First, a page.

The Catholic Church’s Lost Hope
A half century ago, the Catholic Church had a chance for reform in the Second Vatican Council, with a young advocate in Joseph Ratzinger. But reactionary popes shunted reform aside, with Ratzinger later joining them as Pope Benedict XVI. That lost hope has put the Church in today’s crisis, says the Rev. Paul Surlis.
By the Rev. Paul Surlis
A Church with a “disfigured” face. That is Pope Benedict XVI’s description of how the Catholic Church sometimes is seen because “of sins against the unity of the church.” He said this in his last public Mass, but he offered no reflections on the role he himself played in this disfigurement, especially by his consistent refusal since around 1968 to embrace the structural changes and progressive teachings endorsed for the Church by the Second Vatican Council (1962-65).
Benedict, as Joseph Ratzinger, an expert at the council, explained and enthusiastically endorsed the reforming trends of the council. After each of the council’s four sessions, Dr. Ratzinger wrote a pamphlet-length account of what had transpired during the preceding session and these reflections were subsequently collected in a book, Theological Highlights of Vatican II.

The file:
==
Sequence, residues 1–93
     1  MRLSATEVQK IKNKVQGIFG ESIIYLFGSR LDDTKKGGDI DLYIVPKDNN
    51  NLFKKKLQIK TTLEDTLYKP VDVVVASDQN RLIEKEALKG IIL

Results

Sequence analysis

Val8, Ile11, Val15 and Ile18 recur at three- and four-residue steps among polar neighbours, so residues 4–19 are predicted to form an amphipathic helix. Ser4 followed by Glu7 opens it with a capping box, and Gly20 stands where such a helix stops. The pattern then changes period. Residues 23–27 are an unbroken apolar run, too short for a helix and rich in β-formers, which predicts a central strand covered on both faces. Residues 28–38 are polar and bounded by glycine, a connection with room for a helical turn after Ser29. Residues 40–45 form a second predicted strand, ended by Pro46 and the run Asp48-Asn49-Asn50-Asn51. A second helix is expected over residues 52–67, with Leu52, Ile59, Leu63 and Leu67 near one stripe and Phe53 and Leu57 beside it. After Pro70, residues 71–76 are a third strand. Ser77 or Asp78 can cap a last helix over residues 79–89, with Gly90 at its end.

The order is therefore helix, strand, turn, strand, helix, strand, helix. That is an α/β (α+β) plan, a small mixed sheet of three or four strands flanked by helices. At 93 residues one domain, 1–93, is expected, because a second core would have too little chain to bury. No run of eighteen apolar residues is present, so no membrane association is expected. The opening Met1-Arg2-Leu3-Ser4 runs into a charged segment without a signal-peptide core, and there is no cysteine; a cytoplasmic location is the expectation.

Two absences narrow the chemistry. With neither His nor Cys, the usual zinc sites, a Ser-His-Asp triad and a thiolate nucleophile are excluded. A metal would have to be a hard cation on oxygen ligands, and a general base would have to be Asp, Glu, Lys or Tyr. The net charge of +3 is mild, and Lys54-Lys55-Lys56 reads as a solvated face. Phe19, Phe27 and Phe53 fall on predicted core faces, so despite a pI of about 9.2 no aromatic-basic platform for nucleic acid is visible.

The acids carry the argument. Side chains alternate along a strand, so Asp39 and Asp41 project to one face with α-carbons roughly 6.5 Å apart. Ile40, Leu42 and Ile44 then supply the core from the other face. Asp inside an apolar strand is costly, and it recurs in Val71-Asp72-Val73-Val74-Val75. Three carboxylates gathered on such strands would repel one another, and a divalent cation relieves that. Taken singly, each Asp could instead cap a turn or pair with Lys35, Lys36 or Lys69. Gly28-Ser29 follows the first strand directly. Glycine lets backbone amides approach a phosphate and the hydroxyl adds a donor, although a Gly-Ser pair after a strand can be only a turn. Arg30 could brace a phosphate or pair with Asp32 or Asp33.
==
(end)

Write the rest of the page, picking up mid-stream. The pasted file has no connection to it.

Long out of print the book was republished fairly recently by Paulist Press and it provides us with an excellent guide to the council’s teachings from which unfortunately Dr. Ratzinger has retreated. He conveniently ignored the fact that an ecumenical council canonically exercises “supreme power over the entire church,” as he himself expressed it.
One of the great structural changes envisaged by the council was a transition from a centralized, monarchical papacy where one person, the pope, assisted by the curial cardinals, has absolute power over the universal church to a church that would be governed by the bishops of the entire church in union with the pope. As the twelve apostles were with and under Peter, so the bishops should be with and under the pope. And, according to the council’s vision, the wisdom of the People of God, i.e. rank-and-file members of the Church, should always be consulted.
As part of collegiality it was intended that a synod representing the bishops of the universal church would be permanently in session and involved in church governance and would control the Curia, which would be forced to serve the pope and bishops as a civil service. However, the Curia reasserted itself after the council and now plays a dominant role in the universal Church.
A Failure at Reform
Vatican II’s deep structural changes have yet to be implemented, witness recent reports of corruption in the Curia. Fortunately, what these changes should entail is laid down in the section on collegiality in the Constitution on the Church (#22), in the formulation of which Dr. Ratzinger played a notable role.